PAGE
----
History Fair Scholarships

The SdCNHA is proud to provide an annual scholarship to students who participate in the District History Fair, part of the National History Day Competition. Eligible student projects must be based on a theme involving local history, culture, or traditions within the Sangre de Cristo National Heritage Area. The SdCNHA was proud to award $4,000 in scholarships in 2018 to 10 local middle and high school students.
National History Day in Colorado is a social studies and literacy program that equips students in elementary, middle, and high school with the skills necessary to succeed in college and the real world. Students participate in a project-based learning curriculum that emphasizes critical reading and thinking, research, analysis, and the drawing of meaningful conclusions. Students can complete these projects in groups or as individuals in one of five categories: documentary, paper, exhibit, performance, or website. They then compete in one of our fifteen regions across the state in either the junior (middle school) or senior (high school) division, or in the elementary poster contest (4th and 5th graders). Regional winners compete at the State Contests in May on the University of Colorado Denver campus. First and second place state winners compete in Nationals at the University of Maryland, College Park in June.

What is National History Day

Watch the 2019 Theme Webinar Here: https://youtu.be/Ads7OpUV_9w

For more student information on creating a project visit  https://www.nhd.org/students

National History Day (NHD) is an interactive way to engage students in history. Students first choose historical topics related to an annual theme. Students then conduct primary and secondary research through libraries, archives, museums, online resources and historic sites. After analyzing and interpreting the information collected, they relate their topic’s significance to the annual theme and become writers, filmmakers, web designers, playwrights and artists to convey their research in a dynamic way. Their experience culminates in a series of presentations at the regional and state levels, and an annual national competition.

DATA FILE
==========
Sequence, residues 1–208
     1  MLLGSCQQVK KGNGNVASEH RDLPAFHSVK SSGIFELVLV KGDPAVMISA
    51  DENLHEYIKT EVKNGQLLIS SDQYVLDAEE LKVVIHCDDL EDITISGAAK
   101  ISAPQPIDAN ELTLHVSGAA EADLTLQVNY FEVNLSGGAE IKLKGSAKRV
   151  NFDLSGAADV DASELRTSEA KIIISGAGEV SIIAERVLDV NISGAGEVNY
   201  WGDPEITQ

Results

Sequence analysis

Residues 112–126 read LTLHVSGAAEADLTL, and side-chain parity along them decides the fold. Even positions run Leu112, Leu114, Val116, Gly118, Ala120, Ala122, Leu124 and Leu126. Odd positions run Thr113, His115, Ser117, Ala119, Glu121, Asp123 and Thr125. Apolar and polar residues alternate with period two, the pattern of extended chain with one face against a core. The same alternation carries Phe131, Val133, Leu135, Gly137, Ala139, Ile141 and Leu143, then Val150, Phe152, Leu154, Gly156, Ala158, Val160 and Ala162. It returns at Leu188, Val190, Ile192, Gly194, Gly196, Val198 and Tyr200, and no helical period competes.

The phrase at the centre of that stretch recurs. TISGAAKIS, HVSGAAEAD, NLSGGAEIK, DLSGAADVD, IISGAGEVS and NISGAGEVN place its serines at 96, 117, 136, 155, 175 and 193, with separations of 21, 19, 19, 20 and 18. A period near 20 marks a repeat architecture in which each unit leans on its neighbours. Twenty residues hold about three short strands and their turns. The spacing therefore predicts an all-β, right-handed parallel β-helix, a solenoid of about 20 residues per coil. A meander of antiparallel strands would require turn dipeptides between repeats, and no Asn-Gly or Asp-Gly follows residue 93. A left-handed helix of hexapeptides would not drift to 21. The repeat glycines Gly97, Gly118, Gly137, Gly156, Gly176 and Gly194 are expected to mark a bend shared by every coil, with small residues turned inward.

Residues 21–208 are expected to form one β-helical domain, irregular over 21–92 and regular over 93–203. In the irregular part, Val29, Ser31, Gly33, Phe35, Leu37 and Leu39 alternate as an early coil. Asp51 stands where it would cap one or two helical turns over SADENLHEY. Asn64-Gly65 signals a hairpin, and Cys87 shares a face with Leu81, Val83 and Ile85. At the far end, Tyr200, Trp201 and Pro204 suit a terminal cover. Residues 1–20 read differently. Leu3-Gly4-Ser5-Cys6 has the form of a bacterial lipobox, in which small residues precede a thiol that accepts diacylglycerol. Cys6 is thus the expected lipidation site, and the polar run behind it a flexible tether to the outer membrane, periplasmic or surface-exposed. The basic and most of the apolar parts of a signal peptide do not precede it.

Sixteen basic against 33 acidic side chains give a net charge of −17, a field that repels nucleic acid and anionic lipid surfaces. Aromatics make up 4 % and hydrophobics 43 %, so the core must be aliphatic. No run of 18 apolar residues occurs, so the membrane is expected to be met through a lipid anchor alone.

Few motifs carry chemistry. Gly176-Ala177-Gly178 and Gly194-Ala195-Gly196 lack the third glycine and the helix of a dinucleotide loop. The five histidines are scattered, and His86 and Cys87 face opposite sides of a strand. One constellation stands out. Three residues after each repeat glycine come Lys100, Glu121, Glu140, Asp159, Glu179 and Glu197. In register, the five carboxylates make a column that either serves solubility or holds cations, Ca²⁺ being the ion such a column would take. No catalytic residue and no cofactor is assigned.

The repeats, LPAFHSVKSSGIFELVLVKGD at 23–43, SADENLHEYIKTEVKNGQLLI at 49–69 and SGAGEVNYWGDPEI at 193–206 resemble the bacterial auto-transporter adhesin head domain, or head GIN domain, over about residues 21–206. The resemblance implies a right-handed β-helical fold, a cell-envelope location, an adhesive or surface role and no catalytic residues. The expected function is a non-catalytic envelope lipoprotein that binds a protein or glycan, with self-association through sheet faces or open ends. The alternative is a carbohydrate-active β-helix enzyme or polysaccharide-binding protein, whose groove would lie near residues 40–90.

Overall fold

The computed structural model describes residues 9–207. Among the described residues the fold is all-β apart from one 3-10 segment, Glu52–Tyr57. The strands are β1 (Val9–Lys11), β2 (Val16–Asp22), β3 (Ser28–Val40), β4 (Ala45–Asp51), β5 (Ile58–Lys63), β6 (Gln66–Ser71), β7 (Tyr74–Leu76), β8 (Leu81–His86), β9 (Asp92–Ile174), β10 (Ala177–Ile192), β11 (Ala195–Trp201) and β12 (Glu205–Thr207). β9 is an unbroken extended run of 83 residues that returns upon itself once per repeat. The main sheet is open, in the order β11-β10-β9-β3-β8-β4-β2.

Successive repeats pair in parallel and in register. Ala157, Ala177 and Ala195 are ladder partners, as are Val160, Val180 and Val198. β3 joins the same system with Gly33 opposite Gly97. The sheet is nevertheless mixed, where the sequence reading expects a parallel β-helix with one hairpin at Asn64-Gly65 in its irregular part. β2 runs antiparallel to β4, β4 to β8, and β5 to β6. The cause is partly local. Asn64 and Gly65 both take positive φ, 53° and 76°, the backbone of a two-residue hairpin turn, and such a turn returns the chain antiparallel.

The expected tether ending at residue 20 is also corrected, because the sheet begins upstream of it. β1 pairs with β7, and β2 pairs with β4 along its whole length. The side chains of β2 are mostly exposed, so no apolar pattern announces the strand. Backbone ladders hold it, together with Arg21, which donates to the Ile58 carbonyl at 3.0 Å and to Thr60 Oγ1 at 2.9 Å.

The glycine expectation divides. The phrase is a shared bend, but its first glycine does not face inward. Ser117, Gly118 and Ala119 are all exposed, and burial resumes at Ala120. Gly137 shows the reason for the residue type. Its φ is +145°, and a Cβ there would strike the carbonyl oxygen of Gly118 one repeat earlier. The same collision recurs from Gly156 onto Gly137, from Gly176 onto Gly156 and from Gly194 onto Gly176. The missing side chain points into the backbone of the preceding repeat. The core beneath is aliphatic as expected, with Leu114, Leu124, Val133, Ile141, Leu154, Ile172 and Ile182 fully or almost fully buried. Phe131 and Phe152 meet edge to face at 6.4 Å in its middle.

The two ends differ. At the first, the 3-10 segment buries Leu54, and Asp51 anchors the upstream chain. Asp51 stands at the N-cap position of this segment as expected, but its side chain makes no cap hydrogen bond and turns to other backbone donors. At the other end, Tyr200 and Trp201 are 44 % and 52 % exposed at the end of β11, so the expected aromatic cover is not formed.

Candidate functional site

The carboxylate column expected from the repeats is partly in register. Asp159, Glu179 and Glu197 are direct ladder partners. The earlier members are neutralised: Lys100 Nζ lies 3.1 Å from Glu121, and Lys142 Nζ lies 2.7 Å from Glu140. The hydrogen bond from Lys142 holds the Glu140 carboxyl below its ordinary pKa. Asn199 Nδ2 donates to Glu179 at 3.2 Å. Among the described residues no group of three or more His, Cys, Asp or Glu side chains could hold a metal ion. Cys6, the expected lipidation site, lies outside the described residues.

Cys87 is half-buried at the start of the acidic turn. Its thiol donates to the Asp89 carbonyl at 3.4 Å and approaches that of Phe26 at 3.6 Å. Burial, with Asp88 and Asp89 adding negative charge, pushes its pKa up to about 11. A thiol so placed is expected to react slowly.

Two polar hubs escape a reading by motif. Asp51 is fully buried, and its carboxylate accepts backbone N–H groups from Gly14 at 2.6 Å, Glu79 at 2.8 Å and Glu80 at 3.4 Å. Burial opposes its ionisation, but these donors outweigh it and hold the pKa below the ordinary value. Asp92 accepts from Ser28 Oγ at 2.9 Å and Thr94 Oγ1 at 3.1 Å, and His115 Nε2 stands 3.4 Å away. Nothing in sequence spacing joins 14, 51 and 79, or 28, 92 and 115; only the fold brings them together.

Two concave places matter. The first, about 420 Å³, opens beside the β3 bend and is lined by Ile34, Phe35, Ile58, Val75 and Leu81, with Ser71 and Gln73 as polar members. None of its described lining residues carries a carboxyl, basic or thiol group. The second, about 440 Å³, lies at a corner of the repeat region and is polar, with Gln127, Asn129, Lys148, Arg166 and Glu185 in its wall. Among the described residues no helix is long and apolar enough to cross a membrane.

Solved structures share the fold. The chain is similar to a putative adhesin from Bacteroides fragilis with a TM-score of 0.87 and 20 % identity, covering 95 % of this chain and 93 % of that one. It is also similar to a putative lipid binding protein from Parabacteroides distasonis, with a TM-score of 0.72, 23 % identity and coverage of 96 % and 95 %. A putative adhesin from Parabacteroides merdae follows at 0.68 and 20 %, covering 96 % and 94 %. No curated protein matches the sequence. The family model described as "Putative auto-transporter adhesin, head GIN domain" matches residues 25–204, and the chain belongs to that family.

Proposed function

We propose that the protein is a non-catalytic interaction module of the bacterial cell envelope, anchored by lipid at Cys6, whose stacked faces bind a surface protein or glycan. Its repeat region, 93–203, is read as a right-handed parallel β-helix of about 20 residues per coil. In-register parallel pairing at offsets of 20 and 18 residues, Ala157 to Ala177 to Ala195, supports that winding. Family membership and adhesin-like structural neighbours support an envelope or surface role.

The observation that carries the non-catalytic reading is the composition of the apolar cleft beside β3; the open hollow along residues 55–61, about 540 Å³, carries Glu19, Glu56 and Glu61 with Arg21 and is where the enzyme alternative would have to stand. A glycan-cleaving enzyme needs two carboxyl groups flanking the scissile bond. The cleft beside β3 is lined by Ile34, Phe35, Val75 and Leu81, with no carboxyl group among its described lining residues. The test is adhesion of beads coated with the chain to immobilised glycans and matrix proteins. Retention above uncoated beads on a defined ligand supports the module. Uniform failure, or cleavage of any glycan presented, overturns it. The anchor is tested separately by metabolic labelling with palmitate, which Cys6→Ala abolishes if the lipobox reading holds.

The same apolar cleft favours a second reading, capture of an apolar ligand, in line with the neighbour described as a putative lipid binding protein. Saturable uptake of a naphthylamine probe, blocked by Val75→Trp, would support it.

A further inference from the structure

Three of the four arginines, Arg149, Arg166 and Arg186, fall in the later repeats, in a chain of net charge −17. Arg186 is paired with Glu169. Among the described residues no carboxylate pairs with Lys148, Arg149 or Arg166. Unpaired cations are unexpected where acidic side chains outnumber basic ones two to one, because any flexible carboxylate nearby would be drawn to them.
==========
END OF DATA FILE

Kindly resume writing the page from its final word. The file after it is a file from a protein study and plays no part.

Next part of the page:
Past Scholarship winners

2016 Sangre de Cristo National Heritage Area Scholarships

On February 24, 2016 the Sangre de Cristo National Heritage Area (SdCNHA) awarded scholarships for the regional competition of National History Day (NHD) held on Saturday, January 30, 2016 at Adams State University. The SdCNHA board presented scholarships to five junior high school students for the outstanding performance of projects related to the history of the SLV.

A $250 First Place Prize was awarded to William Lipke for “Kit Carson and the Exploration of the American West” in the Junior Individual Performance Category. In ten minutes, William acted out John C. Frémont, a Hispano settler in the SLV, a Diné survivor of Bosque Redondo, and Kit Carson (including costume changes) presenting different perspectives of historical events.

A $150 Second Place Prize was split 3 ways between Alyssa Darnell, Makenzie Rogers, and Renae Sinclair for “Ghost Rails in the San Luis Valley” in the Junior Group Exhibit Category. The group did a splendid job of relating the region’s old railroads (e.g. The Chili Line) to the theme of “Exploration, Encounter, and Exchange.”

A $100 Third Place Prize was awarded to Kelcey Martin for “Maria Josefa Jaramillo,” a project in the Junior Individual Exhibit Category.